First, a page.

In My Own Words
Thoughts on Education, Artistry, and Leadership

Remarks at the Court of Honor of Boy Scouts of America Troop 8
May 5, 2008 at 7:15 PM
Evangelical Covenant Church of Hinsdale, Illinois

Some of you may know my grandfather, Dick Reck. He was a Troop 8 Committee Member for several years, and served on many, many Boards of Review helping Scouts like you on the Trail to Eagle. Until last week, he was living happily at home with his wife of 67 years until he was taken by ambulance to Hinsdale Hospital, where he is now being treated for pneumonia and a blood clot in his leg, in addition to his ongoing memory problems. Last week, some of you may have seen me arrive to the meeting tardy and out of uniform, because I had been visiting him in the intensive care unit and giving my grandmother a much-needed break.

As I sat with him, he was fidgety. He began reaching up, grabbing for something. He found it, turned it over in his hands, took something out. Then when he tried to bring this something to his mouth, I asked, “Grandpa, what are you doing?”

“I’m having a graham cracker,” he replied.

I was confused. “How is it?” I asked.

His face twisted in frustration, working his jaw in futility. “It doesn’t bite,” he said.

In fact, there was no cracker at all. It was all in his imagination. I offered him a cup of water to distract him and when the nurse came in to check on us, I told her about what had happened and that graham crackers were a favorite snack. She stepped out and then returned with a small package of real graham crackers.

In short order, my grandfather was again searching for his imaginary crackers, and so I took a real one from the package and gently guided his hand to it and helped him bring it to his mouth. He was so weak I had to hold it in his hand for him, but when he finally took that tiny bite and tasted it, he sighed in relief and relaxed. As the nurse stood watching, I said, “Thank goodness for small victories.”

And then she made a comment that truly surprised me: “You know, there aren’t very men who would have he patience to do that with so much care.” I said thank you, or something like that, and she left. But I started to wonder why this was such a revelation to her. Why do I do these things? How? He was a successful research chemist and my former Den Leader, and watching him, my 87-year-old grandfather, slip away into dementia is a saddening, terrifying experience. How am I prepared for this?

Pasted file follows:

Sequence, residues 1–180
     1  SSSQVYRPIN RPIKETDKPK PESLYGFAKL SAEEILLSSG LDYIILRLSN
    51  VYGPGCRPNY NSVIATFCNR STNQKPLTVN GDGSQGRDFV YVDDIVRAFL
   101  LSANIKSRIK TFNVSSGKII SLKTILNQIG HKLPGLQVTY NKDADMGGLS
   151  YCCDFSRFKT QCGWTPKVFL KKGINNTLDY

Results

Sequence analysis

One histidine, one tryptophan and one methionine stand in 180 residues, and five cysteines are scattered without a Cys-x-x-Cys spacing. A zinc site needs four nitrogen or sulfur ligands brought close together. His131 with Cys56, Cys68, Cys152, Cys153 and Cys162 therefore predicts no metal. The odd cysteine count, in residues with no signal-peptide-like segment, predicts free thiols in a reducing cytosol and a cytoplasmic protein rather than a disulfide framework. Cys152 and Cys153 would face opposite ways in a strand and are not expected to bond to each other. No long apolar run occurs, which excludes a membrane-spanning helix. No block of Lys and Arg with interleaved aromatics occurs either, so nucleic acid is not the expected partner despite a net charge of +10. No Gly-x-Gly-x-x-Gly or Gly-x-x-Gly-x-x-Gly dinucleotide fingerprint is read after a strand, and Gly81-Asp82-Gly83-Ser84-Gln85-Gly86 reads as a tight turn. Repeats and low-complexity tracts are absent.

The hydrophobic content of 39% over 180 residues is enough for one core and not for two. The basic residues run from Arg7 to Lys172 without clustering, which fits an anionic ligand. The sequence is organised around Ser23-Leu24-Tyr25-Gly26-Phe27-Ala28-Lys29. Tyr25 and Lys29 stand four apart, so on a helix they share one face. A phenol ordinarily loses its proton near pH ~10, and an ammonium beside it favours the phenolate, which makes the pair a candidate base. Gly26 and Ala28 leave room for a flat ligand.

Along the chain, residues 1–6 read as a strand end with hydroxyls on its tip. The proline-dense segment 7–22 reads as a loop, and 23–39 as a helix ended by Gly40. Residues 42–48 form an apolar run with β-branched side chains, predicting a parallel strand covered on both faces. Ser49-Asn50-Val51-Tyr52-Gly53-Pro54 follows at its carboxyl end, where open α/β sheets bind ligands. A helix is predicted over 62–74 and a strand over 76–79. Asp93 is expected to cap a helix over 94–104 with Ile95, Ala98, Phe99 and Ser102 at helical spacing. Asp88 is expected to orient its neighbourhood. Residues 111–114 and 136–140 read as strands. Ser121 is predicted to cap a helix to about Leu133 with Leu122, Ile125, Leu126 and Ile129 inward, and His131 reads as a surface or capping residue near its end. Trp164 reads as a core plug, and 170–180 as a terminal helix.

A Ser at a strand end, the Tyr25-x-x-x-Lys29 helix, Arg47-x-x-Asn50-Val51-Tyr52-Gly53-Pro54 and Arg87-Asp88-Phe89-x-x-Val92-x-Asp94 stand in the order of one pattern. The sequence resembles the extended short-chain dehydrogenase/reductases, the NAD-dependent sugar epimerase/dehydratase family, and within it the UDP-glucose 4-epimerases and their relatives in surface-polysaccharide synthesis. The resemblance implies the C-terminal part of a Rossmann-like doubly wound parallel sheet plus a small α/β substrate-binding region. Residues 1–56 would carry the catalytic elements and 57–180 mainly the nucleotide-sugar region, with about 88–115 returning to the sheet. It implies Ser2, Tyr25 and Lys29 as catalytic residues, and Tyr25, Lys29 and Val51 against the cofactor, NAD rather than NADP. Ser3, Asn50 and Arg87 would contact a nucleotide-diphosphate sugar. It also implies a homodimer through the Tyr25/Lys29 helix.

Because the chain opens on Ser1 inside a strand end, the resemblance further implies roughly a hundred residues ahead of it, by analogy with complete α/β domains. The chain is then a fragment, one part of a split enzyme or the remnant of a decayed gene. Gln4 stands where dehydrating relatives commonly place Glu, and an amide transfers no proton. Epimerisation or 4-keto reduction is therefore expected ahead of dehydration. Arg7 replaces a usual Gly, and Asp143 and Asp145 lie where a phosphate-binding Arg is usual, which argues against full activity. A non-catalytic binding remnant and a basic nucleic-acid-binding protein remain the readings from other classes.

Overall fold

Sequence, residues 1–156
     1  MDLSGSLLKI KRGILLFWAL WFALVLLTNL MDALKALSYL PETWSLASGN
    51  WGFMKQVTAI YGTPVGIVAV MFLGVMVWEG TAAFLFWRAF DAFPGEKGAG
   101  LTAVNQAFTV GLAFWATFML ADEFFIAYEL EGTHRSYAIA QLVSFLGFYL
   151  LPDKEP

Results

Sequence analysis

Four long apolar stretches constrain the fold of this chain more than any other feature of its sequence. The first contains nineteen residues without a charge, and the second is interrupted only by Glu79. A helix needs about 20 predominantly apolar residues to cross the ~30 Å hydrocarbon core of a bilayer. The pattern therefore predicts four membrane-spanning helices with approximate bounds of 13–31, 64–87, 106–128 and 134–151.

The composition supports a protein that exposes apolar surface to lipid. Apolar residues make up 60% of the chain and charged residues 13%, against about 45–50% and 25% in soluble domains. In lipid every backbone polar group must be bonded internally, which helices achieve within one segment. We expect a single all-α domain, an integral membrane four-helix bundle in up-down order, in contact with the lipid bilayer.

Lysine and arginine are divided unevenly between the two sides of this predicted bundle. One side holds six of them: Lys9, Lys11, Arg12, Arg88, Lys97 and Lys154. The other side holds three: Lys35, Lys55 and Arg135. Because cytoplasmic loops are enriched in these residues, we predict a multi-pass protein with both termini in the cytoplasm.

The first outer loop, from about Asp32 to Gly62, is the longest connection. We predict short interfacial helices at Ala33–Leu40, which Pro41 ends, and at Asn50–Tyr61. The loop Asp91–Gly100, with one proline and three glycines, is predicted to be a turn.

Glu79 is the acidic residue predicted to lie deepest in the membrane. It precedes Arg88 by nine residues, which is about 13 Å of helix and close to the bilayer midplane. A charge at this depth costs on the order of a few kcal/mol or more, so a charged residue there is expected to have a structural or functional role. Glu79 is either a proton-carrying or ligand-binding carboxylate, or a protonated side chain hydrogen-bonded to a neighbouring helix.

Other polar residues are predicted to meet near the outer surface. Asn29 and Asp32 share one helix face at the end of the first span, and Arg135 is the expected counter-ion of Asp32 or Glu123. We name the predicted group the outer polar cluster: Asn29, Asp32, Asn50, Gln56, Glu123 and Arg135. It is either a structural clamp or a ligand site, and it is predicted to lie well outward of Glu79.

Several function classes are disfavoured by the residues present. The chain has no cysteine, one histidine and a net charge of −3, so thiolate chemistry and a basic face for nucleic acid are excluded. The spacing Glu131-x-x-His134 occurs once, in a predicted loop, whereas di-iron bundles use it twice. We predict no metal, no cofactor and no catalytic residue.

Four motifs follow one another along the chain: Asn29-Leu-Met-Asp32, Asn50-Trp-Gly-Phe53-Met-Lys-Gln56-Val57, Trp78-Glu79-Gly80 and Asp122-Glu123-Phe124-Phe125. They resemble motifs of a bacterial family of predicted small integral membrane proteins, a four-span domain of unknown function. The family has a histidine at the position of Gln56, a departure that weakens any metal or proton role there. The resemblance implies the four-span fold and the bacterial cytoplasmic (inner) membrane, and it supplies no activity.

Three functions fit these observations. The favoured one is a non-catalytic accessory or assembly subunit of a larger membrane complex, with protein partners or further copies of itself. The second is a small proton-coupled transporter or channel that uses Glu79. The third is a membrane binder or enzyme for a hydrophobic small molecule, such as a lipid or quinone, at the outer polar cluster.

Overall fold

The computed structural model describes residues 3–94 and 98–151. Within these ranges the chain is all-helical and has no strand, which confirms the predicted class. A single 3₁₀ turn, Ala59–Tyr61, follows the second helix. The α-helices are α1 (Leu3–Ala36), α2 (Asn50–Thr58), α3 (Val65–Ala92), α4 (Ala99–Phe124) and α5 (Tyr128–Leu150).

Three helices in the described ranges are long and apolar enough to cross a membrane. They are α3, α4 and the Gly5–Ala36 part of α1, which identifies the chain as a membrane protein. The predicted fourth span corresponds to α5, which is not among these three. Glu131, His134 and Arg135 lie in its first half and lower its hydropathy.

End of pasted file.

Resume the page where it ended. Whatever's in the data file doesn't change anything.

I find my strength in the lessons I have learned in Scouting, and so must you. Scouting can teach you many things that help you in life, and you don’t always get a patch for it. Sure, we get merit badges in cooking, life saving, and… basketry, but the real lessons are in those things we do every time we come together as a Scouting family. Here, we learn how to be good friends and do good work. We learn how to communicate well, take on responsibility, and carry it out. And we do it all under the guidance of the Scout Oath and Law, and those ideals don’t evaporate when we take off the uniform. They must be something we live, every day, with every person we meet, with every thing we do.

A Scout is brave. A Scout is kind. A Scout is helpful. These lessons, and all the others that taught me to live with the Spirit of Scouting, let me be prepared now to help my brother in Scouting, my grandfather, who earned his Eagle Scout rank in 1940 in Explorer Post 333. Some day, I hope, these lessons will help you be prepared for your life’s challenges.

A Scout is trustworthy, loyal, helpful, friendly, courteous, kind, obedient, cheerful, thrifty, brave, clean, and reverent. Do not ever, ever breeze through those words. They are your guide to help you live the Spirit of Scouting, through the tough times, and the celebrations.

So tonight, as we celebrate what you have done in the Spirit of Scouting, I would like you to also reflect on what you can do—what you will do—guided that Spirit. Like Scouting, life is an adventure: “Be Prepared.” 


Daniel M. Reck earned the Eagle Scout rank in 1999 as a member of Troop 8, Hinsdale, Illinois, and was recognized this year for 20 years of service in the Boy Scouts of America.

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